Service mesh in the Kubernetes ecosystem is a sidecar container running with your application/primary container. Using this, you can observe and manage the service-to-service interaction independently of the primary containers.
As more and more applications are being built with many tiny services on Kubernetes, it is contributing to the growing interest in Service Mesh products. Istio, Linkerd, and Consul Connect are some of the popular open-source options. In this article, we will see how easy it is to integrate Istio or Linkerd on Roost.
Roost gives your development team a multi-node Kubernetes environment on their local systems (Mac, Windows, and Ubuntu). Roost SaaS Control Plane, with its unique Left-Shifted Enterprise Policies, allows you to create teams and define cluster policies/configuration, enabling a consistent and production-like development experience for your team. At the same time, Roost allows you have these development clusters on-prem or in the cloud.
To install service mesh on your Roost Local or Remote cluster, click on the “Local Cluster” or “Remote Cluster” icon on the toolbar.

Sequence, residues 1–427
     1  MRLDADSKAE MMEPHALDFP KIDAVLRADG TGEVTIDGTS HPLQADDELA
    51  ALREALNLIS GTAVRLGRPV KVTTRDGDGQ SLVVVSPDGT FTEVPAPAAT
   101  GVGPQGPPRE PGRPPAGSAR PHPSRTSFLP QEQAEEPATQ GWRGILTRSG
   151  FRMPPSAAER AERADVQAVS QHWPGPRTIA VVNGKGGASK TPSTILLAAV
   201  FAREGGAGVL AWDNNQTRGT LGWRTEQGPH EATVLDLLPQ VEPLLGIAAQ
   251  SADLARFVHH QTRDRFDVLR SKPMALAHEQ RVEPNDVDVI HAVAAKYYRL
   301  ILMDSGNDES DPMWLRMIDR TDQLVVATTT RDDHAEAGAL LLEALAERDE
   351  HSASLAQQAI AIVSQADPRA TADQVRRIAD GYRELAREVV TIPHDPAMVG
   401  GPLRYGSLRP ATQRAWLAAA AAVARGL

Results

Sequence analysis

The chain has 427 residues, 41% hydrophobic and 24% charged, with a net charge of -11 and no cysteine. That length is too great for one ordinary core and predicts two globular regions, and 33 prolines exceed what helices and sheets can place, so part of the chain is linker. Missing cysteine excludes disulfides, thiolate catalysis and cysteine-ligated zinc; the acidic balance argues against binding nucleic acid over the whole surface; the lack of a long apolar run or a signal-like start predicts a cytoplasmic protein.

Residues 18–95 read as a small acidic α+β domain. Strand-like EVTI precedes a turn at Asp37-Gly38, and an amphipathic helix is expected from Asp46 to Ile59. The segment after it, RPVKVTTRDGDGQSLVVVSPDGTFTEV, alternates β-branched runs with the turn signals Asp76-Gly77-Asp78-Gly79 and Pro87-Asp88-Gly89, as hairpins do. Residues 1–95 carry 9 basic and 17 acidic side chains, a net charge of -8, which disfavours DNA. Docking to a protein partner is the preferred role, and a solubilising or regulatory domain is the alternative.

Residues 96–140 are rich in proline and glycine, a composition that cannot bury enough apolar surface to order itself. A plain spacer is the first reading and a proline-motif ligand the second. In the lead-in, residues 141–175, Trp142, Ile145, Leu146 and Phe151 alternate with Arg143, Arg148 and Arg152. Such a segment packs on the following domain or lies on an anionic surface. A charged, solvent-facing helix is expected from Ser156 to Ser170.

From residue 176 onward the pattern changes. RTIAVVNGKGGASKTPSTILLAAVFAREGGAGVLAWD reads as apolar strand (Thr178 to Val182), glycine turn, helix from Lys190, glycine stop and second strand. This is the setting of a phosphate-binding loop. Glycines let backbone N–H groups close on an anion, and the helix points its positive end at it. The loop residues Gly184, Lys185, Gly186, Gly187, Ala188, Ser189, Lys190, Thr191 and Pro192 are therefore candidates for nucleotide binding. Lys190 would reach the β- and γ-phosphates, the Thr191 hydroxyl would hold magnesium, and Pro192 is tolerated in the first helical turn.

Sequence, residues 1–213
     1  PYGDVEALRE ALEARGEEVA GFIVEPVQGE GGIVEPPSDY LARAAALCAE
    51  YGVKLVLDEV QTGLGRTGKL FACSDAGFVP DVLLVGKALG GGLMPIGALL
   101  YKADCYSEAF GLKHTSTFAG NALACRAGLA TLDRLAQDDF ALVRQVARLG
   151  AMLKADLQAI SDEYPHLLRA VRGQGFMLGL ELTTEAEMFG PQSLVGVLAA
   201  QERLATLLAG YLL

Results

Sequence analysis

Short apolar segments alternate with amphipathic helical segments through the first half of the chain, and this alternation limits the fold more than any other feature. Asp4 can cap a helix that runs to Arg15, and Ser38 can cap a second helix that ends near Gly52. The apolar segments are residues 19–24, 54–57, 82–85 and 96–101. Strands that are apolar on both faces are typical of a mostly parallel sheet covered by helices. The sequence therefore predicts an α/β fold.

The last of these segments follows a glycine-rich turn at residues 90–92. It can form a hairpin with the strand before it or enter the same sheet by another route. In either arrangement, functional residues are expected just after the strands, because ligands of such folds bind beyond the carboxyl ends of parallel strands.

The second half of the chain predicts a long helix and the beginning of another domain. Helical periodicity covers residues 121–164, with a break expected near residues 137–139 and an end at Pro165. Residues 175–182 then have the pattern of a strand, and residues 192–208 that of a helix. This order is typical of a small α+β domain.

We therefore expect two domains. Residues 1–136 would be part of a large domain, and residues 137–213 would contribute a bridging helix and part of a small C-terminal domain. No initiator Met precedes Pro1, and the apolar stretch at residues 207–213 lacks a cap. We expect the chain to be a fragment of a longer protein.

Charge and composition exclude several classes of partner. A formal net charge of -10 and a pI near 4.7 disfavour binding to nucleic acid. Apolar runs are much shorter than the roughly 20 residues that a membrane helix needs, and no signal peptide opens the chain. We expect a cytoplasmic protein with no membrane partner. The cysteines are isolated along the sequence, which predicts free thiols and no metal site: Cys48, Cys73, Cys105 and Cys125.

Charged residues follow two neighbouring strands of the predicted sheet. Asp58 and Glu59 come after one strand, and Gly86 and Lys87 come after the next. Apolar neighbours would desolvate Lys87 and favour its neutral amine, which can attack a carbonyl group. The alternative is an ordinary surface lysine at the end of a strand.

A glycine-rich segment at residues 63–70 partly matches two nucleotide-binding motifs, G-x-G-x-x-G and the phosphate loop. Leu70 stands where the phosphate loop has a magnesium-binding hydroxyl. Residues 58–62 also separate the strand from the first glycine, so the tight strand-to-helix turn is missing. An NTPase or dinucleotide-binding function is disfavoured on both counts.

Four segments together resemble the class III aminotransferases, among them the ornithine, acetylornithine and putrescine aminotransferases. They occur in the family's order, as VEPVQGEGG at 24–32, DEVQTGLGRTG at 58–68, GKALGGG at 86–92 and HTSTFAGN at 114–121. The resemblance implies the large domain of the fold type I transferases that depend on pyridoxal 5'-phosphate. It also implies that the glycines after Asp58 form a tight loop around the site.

Once you are on Roost’s preferences screen, from the dropdown, choose a service mesh of your choice, Linkerd or Istio.
Wait for the installation to complete. It may take a few minutes to install. Once you have successfully installed service mesh on your cluster, let’s inject a sidecar container on some working pods. To do that, we will mark a namespace with some specific label or annotation (depending on Istio or Linkerd) so that mutating webhook of the service mesh injects your pod with its sidecar and init container. For that, go to Roost “Analytics” screen -> Table View -> All Namespaces.
From the list of namespaces, click the Inject button against the namespace you want to inject your sidecar proxy in. For this example, we will pick the default namespace.
After the injection is successful, the namespace is marked, and all the pods in that namespace will have service-mesh enabled. Now, you can observe the health of each one of them. To test, we can pick a sample Roost micro-services project from File > Roost Microservices > Service Fitness Example. To deploy this example, find “all-in-one.yaml” and click on Apply to ZKE.
Roost also has a service mesh dashboard integrated. Click on Service Mesh View on top of the window, this opens the dashboard on your default browser, and you are ready to monitor the health of your micro-services.
All network traffic runs through your service mesh, which means you can observe and record all the communication. Based on your service mesh, Grafana or Linkerd Dashboard options are available by default.